A unique manufacturing method for reinforcing paper packaging could mea new opportunities for the forestry industry. Researchers at Mid Sweden University’s FSCN research centre have succeeded in devising a stronger, more moistureresistant paper, with reduced energy consumption as an added bonus. It is now hoped that this paper can soon replace plastic in several areas.
The decrease in readers of newspapers in paper form has led to a drop in demand for virgin newsprint. As a result, the forestry industry has begun to look at new applications for so-called mechanical pulp, from which newsprint is made. However, since mechanical pulp fibres have the same chemical composition (lignin, hemicellulose and cellulose) as the highly rigid fibres of trees, forming a dense, strong packaging material from this type of pulp has proved difficult up to now.
Therefore, to make the paper strong enough, it has been necessary to use a chemical pulp manufacturing process whereby the lignin – the wood fibre’s most rigid component – is dissolved together with a large volume of chemical cellulose and used as biofuel. The drawback of this method is that half of the wood – the raw material – remains in the finished chemical pulp. In other words, the process involves extensive loss of material. Conversely, in the mechanical pulp, at least 90 percent of the wood remains. “Almost double the amount of paper bags can be produced from the same volume of wood if mechanical pulp is used,” says Gunilla Pettersson, Project Manager at Mid Sweden University’s Fibre Science and Communication Network (FSCN) research centre. Working with the other researchers at FSCN, she has now managed to turn the properties of lignin into something positive. By substantially raising the temperature when the pulp is pressed into sheets and dried, the lignin becomes sticky, functioning as an adhesive in order to stabilise the paper rather than making it brittle. “This is the first time this method has been used. All the paper bags you find in the shops are made of chemical pulp. We’re now trying to make the same robust products using mechanical pulp,” adds Pettersson.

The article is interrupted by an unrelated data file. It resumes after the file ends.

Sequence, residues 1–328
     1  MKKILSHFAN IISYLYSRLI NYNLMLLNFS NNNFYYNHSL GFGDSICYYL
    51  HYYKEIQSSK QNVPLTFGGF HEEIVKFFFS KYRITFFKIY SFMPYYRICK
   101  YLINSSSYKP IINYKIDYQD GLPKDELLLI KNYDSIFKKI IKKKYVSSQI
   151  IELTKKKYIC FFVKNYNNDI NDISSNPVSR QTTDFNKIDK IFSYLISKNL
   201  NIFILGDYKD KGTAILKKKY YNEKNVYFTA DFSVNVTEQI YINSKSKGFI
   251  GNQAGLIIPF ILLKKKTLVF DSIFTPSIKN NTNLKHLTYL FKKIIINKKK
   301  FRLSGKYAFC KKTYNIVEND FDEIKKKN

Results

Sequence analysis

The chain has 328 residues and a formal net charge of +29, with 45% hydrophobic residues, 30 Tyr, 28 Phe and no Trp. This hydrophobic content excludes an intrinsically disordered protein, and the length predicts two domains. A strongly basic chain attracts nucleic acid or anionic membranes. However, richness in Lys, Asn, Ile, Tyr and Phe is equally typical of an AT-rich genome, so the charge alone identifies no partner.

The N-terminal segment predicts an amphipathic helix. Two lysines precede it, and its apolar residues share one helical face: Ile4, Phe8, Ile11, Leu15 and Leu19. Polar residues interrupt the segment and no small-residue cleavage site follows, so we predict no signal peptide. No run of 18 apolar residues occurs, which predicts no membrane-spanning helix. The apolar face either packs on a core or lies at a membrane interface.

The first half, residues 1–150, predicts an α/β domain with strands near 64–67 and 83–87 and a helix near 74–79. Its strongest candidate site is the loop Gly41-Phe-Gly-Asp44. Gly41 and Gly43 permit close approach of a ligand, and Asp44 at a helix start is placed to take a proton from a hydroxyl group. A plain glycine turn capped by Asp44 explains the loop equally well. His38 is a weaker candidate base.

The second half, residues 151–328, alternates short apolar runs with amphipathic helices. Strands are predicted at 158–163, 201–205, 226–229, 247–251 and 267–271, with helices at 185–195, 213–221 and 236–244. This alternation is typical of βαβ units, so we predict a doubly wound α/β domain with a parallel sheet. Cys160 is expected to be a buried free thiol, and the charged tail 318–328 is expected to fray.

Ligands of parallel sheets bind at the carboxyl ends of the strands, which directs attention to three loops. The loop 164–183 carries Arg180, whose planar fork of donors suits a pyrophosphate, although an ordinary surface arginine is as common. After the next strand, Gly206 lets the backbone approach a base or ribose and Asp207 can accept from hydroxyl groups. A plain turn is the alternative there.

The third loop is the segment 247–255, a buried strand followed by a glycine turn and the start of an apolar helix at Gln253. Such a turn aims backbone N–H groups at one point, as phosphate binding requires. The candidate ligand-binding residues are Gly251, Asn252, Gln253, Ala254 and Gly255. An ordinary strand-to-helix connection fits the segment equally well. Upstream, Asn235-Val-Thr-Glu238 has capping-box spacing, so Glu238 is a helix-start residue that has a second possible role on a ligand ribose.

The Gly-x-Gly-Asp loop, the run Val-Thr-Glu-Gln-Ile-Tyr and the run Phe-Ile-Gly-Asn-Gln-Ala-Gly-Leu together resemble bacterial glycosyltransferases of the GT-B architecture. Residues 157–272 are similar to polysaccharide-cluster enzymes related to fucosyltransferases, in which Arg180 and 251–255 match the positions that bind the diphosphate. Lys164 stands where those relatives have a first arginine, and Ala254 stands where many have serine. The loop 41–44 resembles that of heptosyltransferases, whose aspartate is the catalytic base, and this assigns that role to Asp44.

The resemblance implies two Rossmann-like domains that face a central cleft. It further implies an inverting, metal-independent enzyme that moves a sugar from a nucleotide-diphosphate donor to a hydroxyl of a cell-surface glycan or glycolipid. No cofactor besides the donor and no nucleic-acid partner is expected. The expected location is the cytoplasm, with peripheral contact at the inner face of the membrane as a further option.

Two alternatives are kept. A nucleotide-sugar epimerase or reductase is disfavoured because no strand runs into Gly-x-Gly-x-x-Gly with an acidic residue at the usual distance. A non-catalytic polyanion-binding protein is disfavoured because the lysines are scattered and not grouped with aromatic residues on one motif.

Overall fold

Moistur-resistant paper bags
The method was discovered somewhat by chance during another research project, also dealing with mechanical pulp. “We tried to make the central cardboard layer as bulky and rigid as possible, and then noticed that if we tried to achieve high density instead, pressing the sheets together at a high temperature, we could also attain good strength and durability. We then proceeded in the same way.” Manufacturing large volumes of paper bags using energy-efficient mechanical pulp would also bring environmental benefits. If paper bags were to replace their plastic equivalents, we could more easily meet the EU directive which stipulates an 80 percent reduction in the use of plastic bags among EU nations up to 2025. However, in order for such a shift to be possible, the paper must first become more moisture-resistant. “One advantage of plastic bags and other plastic packaging is moisture-resistance. The majority of paper packaging cannot be used when moisture levels are high, but this paper is different. We think it can replace plastic in several areas in future,” adds Pettersson.
Collaboration with industry
Before long, researchers at FSCN hope to be able to test the method on a large scale in factory conditions. The Knowledge Foundation, the Swedish Energy Agency, the ÅForsk Foundation and the Nils and Dorthi Troëdsson Foundation research fund have contributed financing, while from trade and industry, SCA, Stora Enso and Holmen, among others, are working with FSCN. “All three companies have declining newsprint sales, and are interested in new products. They’ve been a real help. Partnerships make our research group stronger, and support from industry means we can achieve even better results. We also got much support from MoRe Research in Örnsköldsvik, where we borrowed the pilotplant for laboratory tests,” Pettersson says.
Text: Olle Sjögren